The dinner date has long been ripe for reinvention. Arid bread baskets, house wine, and stilted conversation about career paths and siblings hardly spark joy, let alone world-altering romance. Then there’s the expense. A 2023 survey found 84% of singles prefer a casual first date to a white tablecloth affair—dinner dates have become expensive and fussy, a relic of a bygone era void of right swipes and emoji. Hungry singles are desperately seeking fairly-priced, novel dining option. Must be intimate, creative, flatteringly lit. Fast-food burger joints need not apply.

Luckily for those looking for love (and Thai meatballs) in Philadelphia, restaurateurs Jan Brookes and Donrutai Jainon heeded the call. Early in their relationship, Brookes picked up on Jainon’s tendency to leave no menu stone unturned. Their table for two would crowd with plates and shallow bowls until it resembled the inside of a clock. Brookes also picked up the check, and the feeling that other couples were experiencing the same phenomenon. Together, they developed Grandma’s Philly, a Thai tapas restaurant that marries Jainon’s family recipes with Brookes’ entrepreneurial eye.

Jainon, who goes by Chef Locket, brought a depth of restaurant experience and culinary knowledge gained from the scents and spills of home cooking. Chef Locket had navigated her restaurant, Ratchada Thai, through the COVID-19 Pandemic, pivoting to delivery and maintaining her team despite industry-wide upheaval. As they looked to increase operational efficiency, Ratchada Thai onboarded with SpotOn’s POS for restaurants.

Brookes was struck by the seamlessness of the whole experience. Brookes’ father owned a restaurant and the one piece of advice he passed on was “never go into the restaurant business.” Brookes listened and spent the next 20 years in technology consulting, only to find himself back among quart containers and product mixes. But his technology background honed his spidey senses for operational inefficiencies and he quickly started seeking solutions.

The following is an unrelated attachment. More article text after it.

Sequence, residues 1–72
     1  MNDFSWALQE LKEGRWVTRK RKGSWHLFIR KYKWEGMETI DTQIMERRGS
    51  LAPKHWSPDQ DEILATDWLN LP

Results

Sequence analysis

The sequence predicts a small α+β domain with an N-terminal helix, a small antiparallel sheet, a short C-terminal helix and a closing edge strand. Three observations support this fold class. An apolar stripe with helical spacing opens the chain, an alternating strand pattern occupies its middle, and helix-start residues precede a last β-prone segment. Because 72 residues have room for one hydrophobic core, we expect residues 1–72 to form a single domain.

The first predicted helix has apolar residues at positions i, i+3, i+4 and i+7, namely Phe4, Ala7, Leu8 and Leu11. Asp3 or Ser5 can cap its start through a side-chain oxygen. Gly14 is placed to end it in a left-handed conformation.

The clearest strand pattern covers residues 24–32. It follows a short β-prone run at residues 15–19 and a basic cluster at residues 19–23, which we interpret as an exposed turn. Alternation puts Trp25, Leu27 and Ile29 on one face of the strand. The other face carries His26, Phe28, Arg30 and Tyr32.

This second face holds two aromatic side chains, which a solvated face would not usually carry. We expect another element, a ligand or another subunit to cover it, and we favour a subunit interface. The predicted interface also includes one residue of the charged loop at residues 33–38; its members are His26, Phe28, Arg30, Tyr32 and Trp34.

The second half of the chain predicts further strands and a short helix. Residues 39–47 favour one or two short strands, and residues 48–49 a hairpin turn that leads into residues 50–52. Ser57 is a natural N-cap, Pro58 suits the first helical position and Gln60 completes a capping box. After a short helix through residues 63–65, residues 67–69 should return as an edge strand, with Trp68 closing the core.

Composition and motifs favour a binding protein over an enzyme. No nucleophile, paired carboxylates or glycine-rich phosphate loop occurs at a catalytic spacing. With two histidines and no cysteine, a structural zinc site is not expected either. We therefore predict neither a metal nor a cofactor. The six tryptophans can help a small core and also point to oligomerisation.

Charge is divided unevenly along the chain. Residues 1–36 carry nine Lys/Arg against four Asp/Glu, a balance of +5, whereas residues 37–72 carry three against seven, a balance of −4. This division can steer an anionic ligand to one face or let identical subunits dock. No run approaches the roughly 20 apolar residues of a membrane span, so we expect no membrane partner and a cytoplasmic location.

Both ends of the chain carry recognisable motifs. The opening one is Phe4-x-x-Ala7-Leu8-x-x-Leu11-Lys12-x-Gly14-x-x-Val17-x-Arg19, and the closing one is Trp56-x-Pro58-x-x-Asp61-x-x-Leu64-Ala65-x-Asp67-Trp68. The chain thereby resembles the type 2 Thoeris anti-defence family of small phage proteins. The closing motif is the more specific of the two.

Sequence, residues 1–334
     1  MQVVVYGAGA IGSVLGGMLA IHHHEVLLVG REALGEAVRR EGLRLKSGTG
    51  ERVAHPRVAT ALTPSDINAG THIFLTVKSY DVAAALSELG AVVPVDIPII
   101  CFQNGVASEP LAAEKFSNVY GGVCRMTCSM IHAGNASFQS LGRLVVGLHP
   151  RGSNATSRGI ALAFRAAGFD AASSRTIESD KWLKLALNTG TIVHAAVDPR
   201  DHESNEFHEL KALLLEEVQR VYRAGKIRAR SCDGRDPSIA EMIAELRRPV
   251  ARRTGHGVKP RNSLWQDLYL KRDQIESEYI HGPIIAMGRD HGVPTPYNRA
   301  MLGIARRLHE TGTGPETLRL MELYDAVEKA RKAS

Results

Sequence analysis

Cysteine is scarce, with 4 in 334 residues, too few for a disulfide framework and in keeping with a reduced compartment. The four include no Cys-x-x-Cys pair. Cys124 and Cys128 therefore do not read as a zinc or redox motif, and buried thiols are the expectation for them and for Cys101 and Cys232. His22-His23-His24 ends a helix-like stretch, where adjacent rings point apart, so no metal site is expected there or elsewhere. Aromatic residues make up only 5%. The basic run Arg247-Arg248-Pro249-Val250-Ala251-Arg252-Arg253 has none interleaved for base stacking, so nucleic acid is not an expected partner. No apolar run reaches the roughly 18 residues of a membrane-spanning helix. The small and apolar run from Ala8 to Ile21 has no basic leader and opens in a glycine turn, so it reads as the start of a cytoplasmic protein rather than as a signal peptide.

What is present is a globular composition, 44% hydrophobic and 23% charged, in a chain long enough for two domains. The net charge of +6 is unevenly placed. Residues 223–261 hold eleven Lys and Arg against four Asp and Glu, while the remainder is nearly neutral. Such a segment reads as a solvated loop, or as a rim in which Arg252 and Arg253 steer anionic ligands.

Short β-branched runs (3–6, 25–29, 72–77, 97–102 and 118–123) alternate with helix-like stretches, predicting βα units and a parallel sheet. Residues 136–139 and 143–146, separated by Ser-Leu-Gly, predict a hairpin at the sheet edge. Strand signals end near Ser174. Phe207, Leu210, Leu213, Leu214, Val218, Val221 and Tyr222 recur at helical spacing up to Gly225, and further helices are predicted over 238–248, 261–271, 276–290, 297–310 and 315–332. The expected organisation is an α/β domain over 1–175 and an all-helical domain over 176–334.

With Ratchada Thai as the test case, Brookes and Chef Locket opened Grandma’s Philly with a foundation of smart tech. “Opening Grandma’s Philly, I quickly realized the point-of-sale is the brains of your operation,” says Brookes. “Every piece of technology is bolted onto the point-of-sale to create your business's tech stack. What you choose matters.”

Grandma’s Philly’s romantic-date-spot origin story quickly expanded to include out-of-towners, bustling families, and theatergoers looking for a quick bite pre-show. Brookes knew that the lines that snaked the restaurant’s entryway upon opening would quickly lose their charm. He implemented a restaurant reservation system to increase table turns and equip their servers with more information about guest preferences.

When you’ve got a line out the door, it looks great regarding market visibility, but it’s not great for the customers. Who wants to wait 30 minutes?

The restaurant reservation system didn’t just change the game for the guests and servers at Grandma’s Philly. The smoother operations quickly reflected in the business’ bottom line. Where they used to assign a team member to field the 40 or so reservation requests they received by phone each day, Brookes can now transfer that person to different tasks. Increasing efficiency and automating simple tasks has helped them save around $150,000 in labor yearly.

In addition to reservations, Grandma’s Philly found that smart tech could ease the infamously tedious checkout process, particularly during peak shifts. If there were a place to fumble the first date, it would be the payment process. The elaborate choreography of the checkbook reception and proffering of various payment options is worthy of anthropological study. For their part, Grandma’s Philly has smoothed out the wrinkles by offering guests a convenient payment option so they can turn over their table and depart (if that’s to a second location, who is to say).

In restaurants, as with dating, authenticity goes along way. From the start, Grandma’s Philly had no shortage of originality. Chef Locket’s recipes are inspired by her Grandmother and transform traditional Thai flavors into something equal parts new and familiar. The Drunken Noodles are by far their most popular item, not to be outshined by their meatballs, the well-seasoned subjects of many an internet ode.

Looking at my dashboard and seeing what items we’re selling and what items we need to procure is really simple. It makes my life so much easier to not have to dig deep for this type of information. I know the Drunken Noodles are my best seller—I wouldn’t know that without SpotOn.

When they opened in July 2022, Brookes took a local approach to marketing. They focused on giving the local community a great experience, knowing word-of-mouth is the gold standard when it comes to restaurant marketing. The strategy paid off, with their revenue almost doubling each subsequent month. “I’m happy to say that everything I intuitively felt we were doing right, we did,” says Brookes. “We’ve beaten every goal we’ve forecasted.”

For many independent restaurants, success comes from harmony: between front- and back-of-house, bustling dining rooms and intimate service, popular menu items and profitability. Bringing disparate parts together can be a tall order. But Brookes and Chef Locket are up to the task, and the dining public of Philadelphia have one more thing to be grateful for.

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